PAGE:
DURHAM: I’m trying to think of a day that wasn’t that day. Do you understand that when you have a seven-year-old, they can only work five hours a day? What we did was we would shoot Nessa Dougherty – who was the wonderful little girl that plays young Alysia – in the mornings, and then she would leave at lunch, and then Emilia would come, and we would shoot her scenes. Now, remember, Scoot has to go from ’70s to ‘80s at lunchtime, so he would have to switch his hair and makeup, and everything. Our company moves are minor. We shot most of the movie in two large homes, two big old houses for our interiors. So the company moves are easy, but we would shoot young Alysia in the morning, older Alysia at night. The morning was on 16 millimeter, [in] the evening the camera department switched to digital. It was like shooting two films, and we always said that. When you asked that question if there was one day that was crazy, the day that we shot the Gay Pride parade in the ’70s. Well, it was a heat wave, but also, it was day two or three of shooting.
Scoot: Three company moves.
DURHAM: Yeah. There were three company moves, which was a lot for a movie on our schedule. That might have been a tough one because we had a couple different locations, and it was a complicated shoot to do.
FERN: But you wouldn’t have known it. Andrew handled it so deftly. It was such a punk experience shooting. I remember coming in the makeup room, I’d be in character, and I’d come in and there would be Emilia getting her hair done. We’d go off and do something and then Nessa would be going in. The entire time, Andrew was so calm, and he’d come in with his little screen and his direction was, “So how are you feeling?” I was like, “Yeah, it’s good.” He’s like, “Okay. Yeah. All right then.” Out of the room. You never knew that anything was a problem. He was like, “Okay. Well, yeah, we got to get this, so let’s do it.” It felt like indie filmmaking in the best possible sense, a collaboration with a leader who knew what he wanted and who delivered.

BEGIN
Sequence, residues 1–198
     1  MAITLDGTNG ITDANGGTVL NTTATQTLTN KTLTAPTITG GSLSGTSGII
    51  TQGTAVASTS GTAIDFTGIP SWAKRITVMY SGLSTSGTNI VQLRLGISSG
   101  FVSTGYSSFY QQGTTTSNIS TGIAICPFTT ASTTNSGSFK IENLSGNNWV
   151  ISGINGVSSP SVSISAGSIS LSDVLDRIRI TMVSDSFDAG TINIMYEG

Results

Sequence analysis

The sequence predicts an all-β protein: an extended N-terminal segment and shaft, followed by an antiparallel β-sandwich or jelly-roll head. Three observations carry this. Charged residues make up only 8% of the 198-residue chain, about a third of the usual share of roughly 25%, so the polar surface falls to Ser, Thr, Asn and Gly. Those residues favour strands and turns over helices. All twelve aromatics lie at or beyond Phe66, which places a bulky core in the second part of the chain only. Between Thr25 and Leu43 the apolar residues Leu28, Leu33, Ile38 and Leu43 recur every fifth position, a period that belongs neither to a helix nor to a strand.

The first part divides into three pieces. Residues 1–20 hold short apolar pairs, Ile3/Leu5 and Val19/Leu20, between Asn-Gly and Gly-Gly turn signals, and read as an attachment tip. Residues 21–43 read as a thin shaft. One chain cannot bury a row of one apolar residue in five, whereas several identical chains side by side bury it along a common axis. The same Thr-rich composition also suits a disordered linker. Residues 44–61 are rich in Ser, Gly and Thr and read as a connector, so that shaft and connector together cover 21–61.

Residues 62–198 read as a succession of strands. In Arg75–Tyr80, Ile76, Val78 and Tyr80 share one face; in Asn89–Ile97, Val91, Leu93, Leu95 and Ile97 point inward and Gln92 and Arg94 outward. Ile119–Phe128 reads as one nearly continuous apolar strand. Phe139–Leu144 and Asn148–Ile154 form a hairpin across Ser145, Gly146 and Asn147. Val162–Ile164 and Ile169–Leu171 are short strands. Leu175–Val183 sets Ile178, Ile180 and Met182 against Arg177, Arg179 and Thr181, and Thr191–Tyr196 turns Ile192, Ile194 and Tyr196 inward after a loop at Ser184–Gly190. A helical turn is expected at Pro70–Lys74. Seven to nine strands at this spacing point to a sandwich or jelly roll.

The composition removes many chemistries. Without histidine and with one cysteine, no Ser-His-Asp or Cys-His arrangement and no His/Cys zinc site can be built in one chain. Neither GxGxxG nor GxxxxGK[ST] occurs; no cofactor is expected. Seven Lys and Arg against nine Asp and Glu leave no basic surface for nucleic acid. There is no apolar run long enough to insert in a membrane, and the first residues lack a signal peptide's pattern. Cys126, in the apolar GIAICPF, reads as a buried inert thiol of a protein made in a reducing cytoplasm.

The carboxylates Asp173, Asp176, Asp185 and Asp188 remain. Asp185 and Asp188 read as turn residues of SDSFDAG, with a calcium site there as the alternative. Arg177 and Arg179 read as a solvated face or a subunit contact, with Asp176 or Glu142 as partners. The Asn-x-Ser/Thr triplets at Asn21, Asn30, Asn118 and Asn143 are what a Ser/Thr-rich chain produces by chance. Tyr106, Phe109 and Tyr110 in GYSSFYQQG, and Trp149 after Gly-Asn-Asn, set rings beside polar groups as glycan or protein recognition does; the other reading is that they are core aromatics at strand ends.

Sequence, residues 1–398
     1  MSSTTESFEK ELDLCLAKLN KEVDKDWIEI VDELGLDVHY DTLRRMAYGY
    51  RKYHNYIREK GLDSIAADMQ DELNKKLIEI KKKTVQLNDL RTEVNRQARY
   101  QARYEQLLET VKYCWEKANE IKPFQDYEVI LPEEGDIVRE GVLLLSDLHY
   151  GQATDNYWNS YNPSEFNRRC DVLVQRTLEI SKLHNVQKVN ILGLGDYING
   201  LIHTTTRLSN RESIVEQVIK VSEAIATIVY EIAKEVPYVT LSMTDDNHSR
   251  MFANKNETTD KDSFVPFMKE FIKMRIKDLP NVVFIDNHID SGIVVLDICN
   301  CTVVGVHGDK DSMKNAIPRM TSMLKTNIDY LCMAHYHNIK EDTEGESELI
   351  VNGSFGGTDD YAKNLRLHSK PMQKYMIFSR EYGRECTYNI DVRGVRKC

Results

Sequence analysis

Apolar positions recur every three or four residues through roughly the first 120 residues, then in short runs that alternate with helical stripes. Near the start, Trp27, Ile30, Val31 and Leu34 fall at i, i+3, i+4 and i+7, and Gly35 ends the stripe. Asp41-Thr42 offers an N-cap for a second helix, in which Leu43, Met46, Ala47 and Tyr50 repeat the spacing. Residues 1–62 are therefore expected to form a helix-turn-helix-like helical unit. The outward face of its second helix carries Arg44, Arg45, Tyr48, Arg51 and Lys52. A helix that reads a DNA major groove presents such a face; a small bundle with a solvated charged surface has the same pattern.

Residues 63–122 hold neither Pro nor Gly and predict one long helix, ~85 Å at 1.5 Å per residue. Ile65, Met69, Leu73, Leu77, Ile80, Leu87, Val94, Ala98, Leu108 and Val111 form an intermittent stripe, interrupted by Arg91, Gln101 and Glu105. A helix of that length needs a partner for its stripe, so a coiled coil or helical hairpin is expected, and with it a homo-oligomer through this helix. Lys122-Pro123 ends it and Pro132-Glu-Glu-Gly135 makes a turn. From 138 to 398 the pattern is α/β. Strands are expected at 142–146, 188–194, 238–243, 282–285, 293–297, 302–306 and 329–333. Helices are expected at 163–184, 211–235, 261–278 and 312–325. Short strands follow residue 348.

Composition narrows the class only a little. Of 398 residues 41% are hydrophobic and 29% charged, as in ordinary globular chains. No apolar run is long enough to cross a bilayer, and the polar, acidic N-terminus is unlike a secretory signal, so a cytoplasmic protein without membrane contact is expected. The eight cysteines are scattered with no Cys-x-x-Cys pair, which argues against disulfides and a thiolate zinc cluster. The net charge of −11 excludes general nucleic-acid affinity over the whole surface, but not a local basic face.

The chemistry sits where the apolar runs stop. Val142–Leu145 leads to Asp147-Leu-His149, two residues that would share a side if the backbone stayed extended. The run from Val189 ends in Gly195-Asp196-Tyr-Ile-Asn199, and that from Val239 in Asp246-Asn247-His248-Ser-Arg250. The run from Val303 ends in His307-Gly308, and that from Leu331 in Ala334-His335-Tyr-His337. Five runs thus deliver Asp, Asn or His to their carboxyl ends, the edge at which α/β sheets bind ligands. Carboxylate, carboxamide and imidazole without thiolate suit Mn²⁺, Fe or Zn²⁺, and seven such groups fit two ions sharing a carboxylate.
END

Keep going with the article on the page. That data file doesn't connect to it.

JONES: Yeah, no matter how stressful it was, it never showed, ever.
LAMBERT: And I have to say, this is my first film. I’ve been in the entertainment industry for a long time in theater and music, and stuff, but I was a little apprehensive. I was like, “Well, I hope that I know what I’m doing, and I hope that they like me and that I don’t fuck things up.” I have to say it was such a breeze. It was so comfortable right away. Andrew just made me feel like everything was going to be fine. I walked onto set and met Scoot. He gave me a big hug, and he was like, “I’m so excited.” I instantly felt like, “Okay, this is going to be great.” I met Emilia. It felt very relaxed and that the family had already been formed, but I didn’t feel like an outsider when I walked onto set. I thought that was really wonderful. I’ve seen it the other way.
MCNAIRY: I’ve done a couple of films and Andrew is a light in a bottle. He’s just so wonderful to work with, but also, he’s wonderful to be around. You want to go get drinks or a dinner with him afterwards. He’s very, very magnetic. So it trickles down from the top. Obviously, we all know that. When you have a leader that keeps their composure and keeps their creative vision going, and their composure, it’s rare. Andrew did it gracefully.